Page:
DAYTONA BEACH, Fla. – A bronze statue of Dr. Mary McLeod Bethune was unveiled at a Daytona Beach park Thursday morning, about a month after her marble sculpture found a home at the U.S. Capitol.
Daytona Beach Mayor Derrick L. Henry said his community bore an eternal gratitude for those who brought McLeod Bethune home.
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“You have been a beautiful tapestry of diverse opinions, ideologies and backgrounds woven together through strong, tenacious, firm, loving leadership with an all-hands-engaged approach to this historic journey illustrating our community’s unity and our capacity to preserve the best attributes of our city,” Henry said. “I hope that the statue’s presence in this intermediary space that sits between the world’s most famous beach and the site — a former dump — but the birthplace of Dr. Bethune’s greatest vision, her greatest dream which came to fruition in the place and presence of the great Bethune Cookman University.”
The arrival of McLeod Bethune’s bronze likeness was celebrated in the Riverfront Esplanade Bethune Pavilion at 249 N. Beach St. in Daytona Beach.
The ceremony and dedication honored McLeod Bethune, known as the founder of what is now Bethune-Cookman University and as a pioneering voice behind African American and women’s rights, according to The Dr. Mary McLeod Bethune Statuary Fund, Inc.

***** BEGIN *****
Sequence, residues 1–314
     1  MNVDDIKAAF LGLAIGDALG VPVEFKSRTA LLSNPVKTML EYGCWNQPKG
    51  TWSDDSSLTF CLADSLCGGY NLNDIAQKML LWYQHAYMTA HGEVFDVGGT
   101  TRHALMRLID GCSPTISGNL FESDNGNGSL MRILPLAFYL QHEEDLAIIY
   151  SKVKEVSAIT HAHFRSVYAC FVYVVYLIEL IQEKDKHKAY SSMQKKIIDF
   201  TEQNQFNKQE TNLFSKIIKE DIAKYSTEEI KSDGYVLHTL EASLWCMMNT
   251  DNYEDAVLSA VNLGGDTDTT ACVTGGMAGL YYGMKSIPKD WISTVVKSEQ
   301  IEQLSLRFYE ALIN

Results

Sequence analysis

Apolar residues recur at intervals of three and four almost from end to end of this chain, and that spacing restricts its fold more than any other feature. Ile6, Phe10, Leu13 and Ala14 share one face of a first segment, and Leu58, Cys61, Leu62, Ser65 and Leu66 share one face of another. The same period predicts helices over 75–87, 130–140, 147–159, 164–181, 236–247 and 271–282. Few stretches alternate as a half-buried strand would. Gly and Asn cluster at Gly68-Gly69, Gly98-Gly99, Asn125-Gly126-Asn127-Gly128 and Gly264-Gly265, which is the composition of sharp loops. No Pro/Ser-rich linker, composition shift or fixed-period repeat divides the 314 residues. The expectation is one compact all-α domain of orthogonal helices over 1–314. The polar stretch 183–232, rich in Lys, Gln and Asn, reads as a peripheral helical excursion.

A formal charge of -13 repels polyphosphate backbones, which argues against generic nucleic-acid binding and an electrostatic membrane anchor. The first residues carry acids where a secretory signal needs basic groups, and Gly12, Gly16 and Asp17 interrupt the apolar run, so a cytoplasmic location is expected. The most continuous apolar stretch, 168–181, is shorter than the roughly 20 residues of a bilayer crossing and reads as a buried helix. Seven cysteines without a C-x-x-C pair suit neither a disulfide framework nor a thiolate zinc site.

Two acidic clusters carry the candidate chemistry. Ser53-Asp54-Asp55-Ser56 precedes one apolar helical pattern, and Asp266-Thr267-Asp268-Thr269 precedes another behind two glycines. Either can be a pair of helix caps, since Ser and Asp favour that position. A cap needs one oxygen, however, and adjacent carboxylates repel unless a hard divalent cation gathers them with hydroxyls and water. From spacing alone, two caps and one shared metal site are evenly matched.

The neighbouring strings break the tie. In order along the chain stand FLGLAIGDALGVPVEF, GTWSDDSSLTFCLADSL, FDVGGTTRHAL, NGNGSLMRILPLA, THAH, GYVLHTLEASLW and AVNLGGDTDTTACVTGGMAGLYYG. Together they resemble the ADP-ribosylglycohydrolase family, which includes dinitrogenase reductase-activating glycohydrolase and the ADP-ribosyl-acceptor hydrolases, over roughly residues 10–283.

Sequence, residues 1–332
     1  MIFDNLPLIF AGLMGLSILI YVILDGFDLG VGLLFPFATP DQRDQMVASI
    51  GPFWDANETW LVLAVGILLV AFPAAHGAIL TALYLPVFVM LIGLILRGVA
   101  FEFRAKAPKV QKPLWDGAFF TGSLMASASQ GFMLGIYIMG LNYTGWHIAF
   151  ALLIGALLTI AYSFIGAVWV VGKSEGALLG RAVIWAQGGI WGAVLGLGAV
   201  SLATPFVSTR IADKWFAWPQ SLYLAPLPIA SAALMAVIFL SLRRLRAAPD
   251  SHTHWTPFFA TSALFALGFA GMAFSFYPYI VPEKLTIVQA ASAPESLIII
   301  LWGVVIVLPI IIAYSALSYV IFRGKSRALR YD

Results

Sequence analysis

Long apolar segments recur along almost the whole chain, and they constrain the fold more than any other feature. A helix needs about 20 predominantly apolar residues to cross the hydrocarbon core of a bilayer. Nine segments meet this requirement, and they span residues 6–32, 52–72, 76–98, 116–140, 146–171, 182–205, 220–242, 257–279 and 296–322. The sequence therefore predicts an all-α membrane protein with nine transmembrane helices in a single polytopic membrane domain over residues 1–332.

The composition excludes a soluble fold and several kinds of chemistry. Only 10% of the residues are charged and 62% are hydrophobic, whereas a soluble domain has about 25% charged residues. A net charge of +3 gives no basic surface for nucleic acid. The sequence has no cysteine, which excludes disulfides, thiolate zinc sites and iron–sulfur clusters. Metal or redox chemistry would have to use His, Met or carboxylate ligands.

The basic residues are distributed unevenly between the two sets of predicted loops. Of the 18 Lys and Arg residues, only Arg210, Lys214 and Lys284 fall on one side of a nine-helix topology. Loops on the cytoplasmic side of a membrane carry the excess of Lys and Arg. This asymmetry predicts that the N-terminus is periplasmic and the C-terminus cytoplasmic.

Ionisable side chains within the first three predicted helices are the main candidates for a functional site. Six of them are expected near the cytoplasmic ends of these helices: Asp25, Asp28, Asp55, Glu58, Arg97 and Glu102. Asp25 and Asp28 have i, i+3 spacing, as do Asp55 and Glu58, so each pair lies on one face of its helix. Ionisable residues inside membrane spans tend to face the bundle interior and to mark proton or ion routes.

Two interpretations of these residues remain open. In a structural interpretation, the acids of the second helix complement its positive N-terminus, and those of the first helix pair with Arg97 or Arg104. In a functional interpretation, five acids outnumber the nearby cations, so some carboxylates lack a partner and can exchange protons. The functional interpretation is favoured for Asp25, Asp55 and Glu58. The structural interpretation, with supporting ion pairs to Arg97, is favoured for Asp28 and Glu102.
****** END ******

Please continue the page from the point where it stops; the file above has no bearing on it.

Among other state and local leaders who attended with Mayor Henry were Nancy R. Lohman, president of the Dr. Mary McLeod Bethune Statuary Fund, Inc.; Billie Wheeler, Volusia County councilwoman; Robert W. (Bob) Lloyd, of Brown & Brown Insurance; Dr. Lawrence Drake, the interim president of Bethune-Cookman University; Johnny McCray, Jr. Esq., president of the Dr. Mary McLeod Bethune National Alumni Association; Rep. Tom Leek, R-Ormond Beach; and the Bethune Cookman University Concert Chorale.
Hortense Fordham-Jeter, who knew McLeod Bethune and would play in her house all the time growing up, said it was amazing to see her recognized Thursday.
“It makes me feel so good to see her and to look at her as we knew her—dynamic, always the same,” Fordham-Jeter said. “She recognized everybody. She never overlooked anyone and that’s why she always got so much support from the Black and white (communities). It’s so nice to have this statue looking down toward her school. Just I’m standing here almost at a loss for words.”
This comes after a marble statue of McLeod Bethune was unveiled in the U.S. Capitol’s Statuary Hall on July 13, becoming the first of an African American in the Statuary Hall collection and giving Florida the honor of being the only state to be represented there by an African American woman.
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